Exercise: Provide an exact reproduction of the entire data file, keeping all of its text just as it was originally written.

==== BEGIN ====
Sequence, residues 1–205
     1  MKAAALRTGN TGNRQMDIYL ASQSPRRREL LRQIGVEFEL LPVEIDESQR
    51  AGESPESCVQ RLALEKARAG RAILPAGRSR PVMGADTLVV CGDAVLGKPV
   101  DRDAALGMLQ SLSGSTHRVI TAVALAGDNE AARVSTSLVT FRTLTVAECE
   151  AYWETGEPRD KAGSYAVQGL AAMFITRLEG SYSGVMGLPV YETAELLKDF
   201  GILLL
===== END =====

Sequence, residues 1–205
     1  MKAAALRTGN TGNRQMDIYL ASQSPRRREL LRQIGVEFEL LPVEIDESQR
    51  AGESPESCVQ RLALEKARAG RAILPAGRSR PVMGADTLVV CGDAVLGKPV
   101  DRDAALGMLQ SLSGSTHRVI TAVALAGDNE AARVSTSLVT FRTLTVAECE
   151  AYWETGEPRD KAGSYAVQGL AAMFITRLEG SYSGVMGLPV YETAELLKDF
   201  GILLL